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TRIBEWORK is about consuming the process of life, the journey, together.

Wednesday, April 21, 2010

Oh, the Wicked Webs We Weave!

THE RELATIONAL DYNAMICS IN THE WORKPLACE can be very often tenuous and incredibly malignant. Motives define the causative nature of our hearts with monotonous regularity. None of us can hide it.

Each person’s motives, including those of our own, on any given day—indeed even to the moment, determines much of what we call “history,” the ebb and flow of deeds done in the flesh.

We hardly ever think why people acquaint with or betray us, but it’s always for a purpose—a reason—a situational reason. We become quite confined and very attached to our moments as a general rule. Our moments do manipulate our hearts.

The question we should ask is, ‘Whose side is so-and-so on, and why?’ Or more aptly, ‘Whose side am I on, and why?’

It matters little, actually, as to why—emotively speaking—people take sides, but we should seek to understand why. We should remain curious to know the reasons.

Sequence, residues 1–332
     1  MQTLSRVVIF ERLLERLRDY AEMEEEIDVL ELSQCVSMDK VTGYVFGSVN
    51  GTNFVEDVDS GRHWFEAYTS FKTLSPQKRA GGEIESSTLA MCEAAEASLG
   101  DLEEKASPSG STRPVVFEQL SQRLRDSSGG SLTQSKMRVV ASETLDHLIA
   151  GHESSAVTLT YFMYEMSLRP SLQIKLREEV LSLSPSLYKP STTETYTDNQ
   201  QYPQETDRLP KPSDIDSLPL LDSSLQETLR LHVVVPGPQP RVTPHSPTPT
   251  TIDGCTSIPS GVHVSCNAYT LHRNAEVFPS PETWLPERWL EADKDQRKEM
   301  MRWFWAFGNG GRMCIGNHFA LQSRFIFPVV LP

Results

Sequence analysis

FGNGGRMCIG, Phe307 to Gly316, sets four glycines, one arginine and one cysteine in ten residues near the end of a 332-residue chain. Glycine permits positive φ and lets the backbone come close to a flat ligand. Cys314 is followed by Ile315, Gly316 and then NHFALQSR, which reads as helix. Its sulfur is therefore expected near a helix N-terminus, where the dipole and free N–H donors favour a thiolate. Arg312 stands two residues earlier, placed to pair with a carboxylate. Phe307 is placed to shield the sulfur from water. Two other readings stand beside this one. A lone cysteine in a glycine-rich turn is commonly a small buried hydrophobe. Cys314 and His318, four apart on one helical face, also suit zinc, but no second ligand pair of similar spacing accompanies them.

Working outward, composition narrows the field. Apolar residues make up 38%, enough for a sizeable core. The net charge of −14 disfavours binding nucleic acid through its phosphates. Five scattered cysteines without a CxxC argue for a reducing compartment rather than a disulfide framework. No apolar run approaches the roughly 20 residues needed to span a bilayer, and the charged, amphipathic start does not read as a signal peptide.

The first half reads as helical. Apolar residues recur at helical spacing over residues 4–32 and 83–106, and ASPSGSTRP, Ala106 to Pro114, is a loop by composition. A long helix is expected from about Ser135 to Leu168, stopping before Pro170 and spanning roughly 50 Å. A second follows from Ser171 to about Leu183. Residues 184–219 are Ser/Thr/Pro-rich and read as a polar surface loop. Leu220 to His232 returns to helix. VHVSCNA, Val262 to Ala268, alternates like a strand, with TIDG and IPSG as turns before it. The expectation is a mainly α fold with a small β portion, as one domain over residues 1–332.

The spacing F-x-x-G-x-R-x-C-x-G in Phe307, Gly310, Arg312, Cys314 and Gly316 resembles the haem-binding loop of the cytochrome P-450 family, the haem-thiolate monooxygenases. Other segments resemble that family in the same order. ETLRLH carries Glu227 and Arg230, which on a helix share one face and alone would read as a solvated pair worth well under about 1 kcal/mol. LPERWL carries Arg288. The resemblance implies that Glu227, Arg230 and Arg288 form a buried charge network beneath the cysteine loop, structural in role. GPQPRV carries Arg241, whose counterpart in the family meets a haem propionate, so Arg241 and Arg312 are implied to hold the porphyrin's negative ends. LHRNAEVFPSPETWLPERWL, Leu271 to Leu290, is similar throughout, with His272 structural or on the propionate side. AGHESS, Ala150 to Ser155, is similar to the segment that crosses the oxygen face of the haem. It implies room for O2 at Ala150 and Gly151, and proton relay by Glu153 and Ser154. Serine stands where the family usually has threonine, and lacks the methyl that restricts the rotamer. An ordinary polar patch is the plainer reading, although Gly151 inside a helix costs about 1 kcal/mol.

Knowing and being cognisant of the human beings we routinely have to deal with gives us certain advantages—not over them—but for them, and us. We compensate for their weaknesses and our own. Regarding crooked motives, we’re more understanding and therefore more forgiving.

Our expectations are hence fitted more in line with reality. Betrayal is less sensational; we’re hurt less.

The wicked webs we weave are emergent from our subconscious fear and inadequacy as we attempt to bend the rules of life to our gain, in response to our fears. We all tend to do this instinctively, without much thought. An acceptance of this is crucial, firstly, so we accept ourselves and, secondly—and most fundamentally—so we understand our need of a Saviour.

Without being overly evangelistic, the need of a sinless saviour is made obvious when we understand we need acceptance beyond ourselves. Our own acceptance is fine, but it’s inherently limited in value. It’s never really spiritually enough.

We really must try our best in life to come to an understanding that ‘the heart of the human problem is the problem of the human heart’ (from J. John). When we truly realise we’re all basically crooked—even though we try our best not to be—we are more tolerant of the people in our workplace, in our families etc. We’re more tolerant of ourselves too.

What might seem initially a ‘doormat compromise’ is soon peace for us and all those we extend this grace to. It really is the only sustainable way to relate with people.

© 2010 S. J. Wickham.

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